THOMAS M. KING, 80

Thomas M. King Dies at 80

Father Thomas M. King, a Georgetown University theology professor and prolific author, was known for offering a "last-chance Mass" at 11:15 every night before finals and throughout the academic year at the school.
Father Thomas M. King, a Georgetown University theology professor and prolific author, was known for offering a "last-chance Mass" at 11:15 every night before finals and throughout the academic year at the school. (By James A. Parcell -- The Washington Post)
Buy Photo
By Rebekah Davis
Washington Post Staff Writer
Sunday, June 28, 2009

Thomas M. King, 80, a Jesuit priest and Georgetown University theology professor who blessed the film crew and sets for the 1973 movie "The Exorcist," died June 23 at his home in Washington after an apparent heart attack.

A prolific author, Father King wrote books on Trappist monk and writer Thomas Merton and the Jesuit priest and paleontologist Pierre Teilhard de Chardin, who sought to reconcile evolution with the doctrine of the Catholic church.

Father King's other books included "Sartre and the Sacred" (1974), based on the writing of existentialist author Jean-Paul Sartre, and "Enchantments" (1989), a meditation on religious experiences and the power of the written word.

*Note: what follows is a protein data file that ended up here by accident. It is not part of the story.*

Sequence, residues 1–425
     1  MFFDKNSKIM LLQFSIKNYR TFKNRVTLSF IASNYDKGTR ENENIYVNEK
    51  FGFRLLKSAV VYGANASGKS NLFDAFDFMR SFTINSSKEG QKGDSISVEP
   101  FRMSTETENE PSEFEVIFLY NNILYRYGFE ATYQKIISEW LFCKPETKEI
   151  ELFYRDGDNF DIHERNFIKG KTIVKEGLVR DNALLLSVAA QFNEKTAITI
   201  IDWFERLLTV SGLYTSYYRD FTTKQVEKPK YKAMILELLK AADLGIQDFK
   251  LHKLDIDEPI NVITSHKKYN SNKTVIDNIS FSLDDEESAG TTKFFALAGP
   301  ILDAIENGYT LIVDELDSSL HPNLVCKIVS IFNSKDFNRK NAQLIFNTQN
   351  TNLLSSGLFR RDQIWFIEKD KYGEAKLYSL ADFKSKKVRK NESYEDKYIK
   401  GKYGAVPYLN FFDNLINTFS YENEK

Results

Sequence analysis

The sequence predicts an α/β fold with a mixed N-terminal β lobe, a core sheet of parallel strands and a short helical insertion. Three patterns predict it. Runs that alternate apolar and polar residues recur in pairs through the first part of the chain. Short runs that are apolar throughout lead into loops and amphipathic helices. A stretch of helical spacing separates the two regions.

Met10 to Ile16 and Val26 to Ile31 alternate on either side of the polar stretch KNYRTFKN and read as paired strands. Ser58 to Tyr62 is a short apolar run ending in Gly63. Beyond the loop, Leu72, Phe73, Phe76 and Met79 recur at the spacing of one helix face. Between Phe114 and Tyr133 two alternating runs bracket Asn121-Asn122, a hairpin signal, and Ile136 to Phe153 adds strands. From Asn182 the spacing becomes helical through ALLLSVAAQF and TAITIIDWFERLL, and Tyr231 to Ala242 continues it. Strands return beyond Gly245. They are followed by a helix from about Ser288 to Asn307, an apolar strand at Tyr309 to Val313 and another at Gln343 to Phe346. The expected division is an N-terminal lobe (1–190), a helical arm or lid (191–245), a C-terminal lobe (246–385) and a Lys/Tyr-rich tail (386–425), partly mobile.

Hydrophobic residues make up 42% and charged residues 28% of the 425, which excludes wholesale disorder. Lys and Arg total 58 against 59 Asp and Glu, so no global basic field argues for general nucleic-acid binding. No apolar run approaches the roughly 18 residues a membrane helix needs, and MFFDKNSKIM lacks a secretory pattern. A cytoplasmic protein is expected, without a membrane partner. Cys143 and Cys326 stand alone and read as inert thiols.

Father King, who was ordained in 1964, joined the Georgetown faculty four years later and remained affiliated with the university after retiring several years ago. In addition to his teaching duties, he was known for offering a "last-chance Mass" at 11:15 every night before finals and throughout the academic year at the school's Dahlgren Chapel.

Father King enjoyed a degree of popular attention for his off-screen role in "The Exorcist," which was filmed in Washington in 1972. He told the Washington Times how he had been asked to bless the set before the cameras started rolling.

"I think an actor had died previously and other things happened," he said, referring to a spate of bad luck on the set. "So I gave them a blessing. Took about a minute."

Thomas Mulvihill King was born May 9, 1929, in Pittsburgh. He received a bachelor's degree in economics and speech from the University of Pittsburgh in 1951, a master's degree in physics education from Fordham University 1958, a licentiate in sacred theology in 1965 from Woodstock College near Baltimore, and a doctorate in religious sciences in 1968 from the University of Strasbourg in France.

He was founder and long-time president of University Faculty for Life, an anti-abortion group, and founder of a science and religion group called Cosmos and Creation.

Survivors include a brother, Father Bill King of Washington, and two sisters, Martha Cox of Pittsburgh and Catherine Marie Tovey of Portland, Ore.


© 2009 The Washington Post Company